On the way to the office you encounter a “WHITE MAN” with a map in his hand who asks you for directions to that touristy spot near your workplace. You start to point out the direction he must take, the exact point on the map where he is and where he has to head. As you are talking, some guys with a sign walk between you two. You continue giving directions. When you finish, you say goodbye with a smile to the “ASIAN WOMAN” you have helped.
If you do not understand how you started talking to a “WHITE MAN” white man and ended up saying goodbye to an “ASIAN WOMAN“, I would ask you to watch this video:
What you saw is known as the “Door study” carried out by Daniel Simons and Daniel Levin. Fifty percent of the people in this experiment were unable to detect the change in the speaker. We humans are blind to certain visual changes.
“Change blindness” is the psychological phenomenon that occurs when we are presented with a visual stimulus and our brain is not able to detect it and transmit it to our consciousness.
In this post, I would like to talk about redesigns to our products and the way they should be carried out without their being traumatic for our users. Change blindness is the perfect example of how useful it would be to channel our users’ attention during redesign processes.
If we are able to design task-oriented systems, we can change what is happening around them without disrupting our users’ perceptions. The explanation for this is that we humans only retain information that is relevant for the task we are carrying out at that moment, and we dismiss the rest.
The odd thing is the amount of information we disregard and how blind this makes us. Here you can see another fun example of change blindness.
Source: The colour-changing card trick
John Henderson and Tim Smith used the “eye-tracking” technique to analyze the reason why people are so easily fooled by this trick. Here are some of their discoveries:
On Redesign and Designers
We tend to think our products have closed life cycles, without communication between one phase and the next. Therefore, the user experience is born and is maintained until the next one replaces the previous one.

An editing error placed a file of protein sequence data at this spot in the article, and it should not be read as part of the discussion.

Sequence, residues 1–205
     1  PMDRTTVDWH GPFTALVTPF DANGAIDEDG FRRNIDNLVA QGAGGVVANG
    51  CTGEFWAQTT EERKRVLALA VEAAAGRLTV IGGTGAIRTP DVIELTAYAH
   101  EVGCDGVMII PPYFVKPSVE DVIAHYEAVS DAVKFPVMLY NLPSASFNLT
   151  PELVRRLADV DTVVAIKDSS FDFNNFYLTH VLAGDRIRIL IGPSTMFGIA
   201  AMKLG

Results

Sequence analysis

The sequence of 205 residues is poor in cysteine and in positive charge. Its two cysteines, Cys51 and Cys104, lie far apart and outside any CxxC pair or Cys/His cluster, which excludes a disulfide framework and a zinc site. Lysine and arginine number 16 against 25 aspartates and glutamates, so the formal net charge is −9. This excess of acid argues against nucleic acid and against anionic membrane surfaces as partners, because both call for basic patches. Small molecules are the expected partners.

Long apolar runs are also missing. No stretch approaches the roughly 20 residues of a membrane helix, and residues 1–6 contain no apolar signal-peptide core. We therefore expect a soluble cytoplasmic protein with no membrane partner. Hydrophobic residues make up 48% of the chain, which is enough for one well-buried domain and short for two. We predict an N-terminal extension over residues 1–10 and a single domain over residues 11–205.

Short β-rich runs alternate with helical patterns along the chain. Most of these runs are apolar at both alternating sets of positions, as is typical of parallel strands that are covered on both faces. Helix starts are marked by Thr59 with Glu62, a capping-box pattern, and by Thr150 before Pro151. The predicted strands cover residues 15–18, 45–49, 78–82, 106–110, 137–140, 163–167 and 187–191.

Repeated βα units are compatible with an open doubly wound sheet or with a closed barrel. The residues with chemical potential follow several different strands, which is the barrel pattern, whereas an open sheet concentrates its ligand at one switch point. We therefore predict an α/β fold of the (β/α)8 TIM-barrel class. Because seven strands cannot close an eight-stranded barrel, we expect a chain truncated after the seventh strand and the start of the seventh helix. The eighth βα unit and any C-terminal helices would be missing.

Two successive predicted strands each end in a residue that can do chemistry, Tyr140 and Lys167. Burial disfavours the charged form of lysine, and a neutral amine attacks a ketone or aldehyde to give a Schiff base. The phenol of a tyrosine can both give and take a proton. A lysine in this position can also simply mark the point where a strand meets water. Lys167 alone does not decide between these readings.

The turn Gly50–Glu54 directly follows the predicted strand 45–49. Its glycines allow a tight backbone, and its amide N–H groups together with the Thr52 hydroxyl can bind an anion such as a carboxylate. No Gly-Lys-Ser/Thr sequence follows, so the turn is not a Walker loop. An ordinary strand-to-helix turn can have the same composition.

Generally it is the egos of the designers with enough power in organizations who push these total changes or revolutions the most. It is often the case that the arrival of a new designer eliminates everything good that had been done previously.
As a designer, I feel deeply tempted towards change, towards rebirth, towards new ideations of systems. But I must confess that for some time now I have preferred subtle evolution to radical change. When we complain about a redesign, we generally do so because of a lack of consistency with the previous design.
There are revolutions that should have never started. I am not talking about revolutions in user experiences or designs that did not work. I am talking about systems that are running, that are growing and that have users who are really satisfied with their user experience. Like in the previous videos on task-focused systems, we’re talking about users who, due to a bad redesign, have lost the focus on the task. We’re talking about the new iOS7.
Buttons that lose affordance, loss of metaphors and inconsistencies in the language of the icons, less intuitive navigation, buttons that apparently disappear from the keys, new animations that confuse existing users…
Design is not a discipline limited to planning the appearance or usability of objects. Design is the search for the right object to produce and the right plan for how to produce it.
Was the best object to produce sought with the iOS7? Probably not. If it had been, the result would have been progress and improvement on the terrific previous versions. The result of leaving the best designer in the world in charge, without any control, was the start of a revolution with unforeseen consequences.
Follow @NoamMorrissey Tweet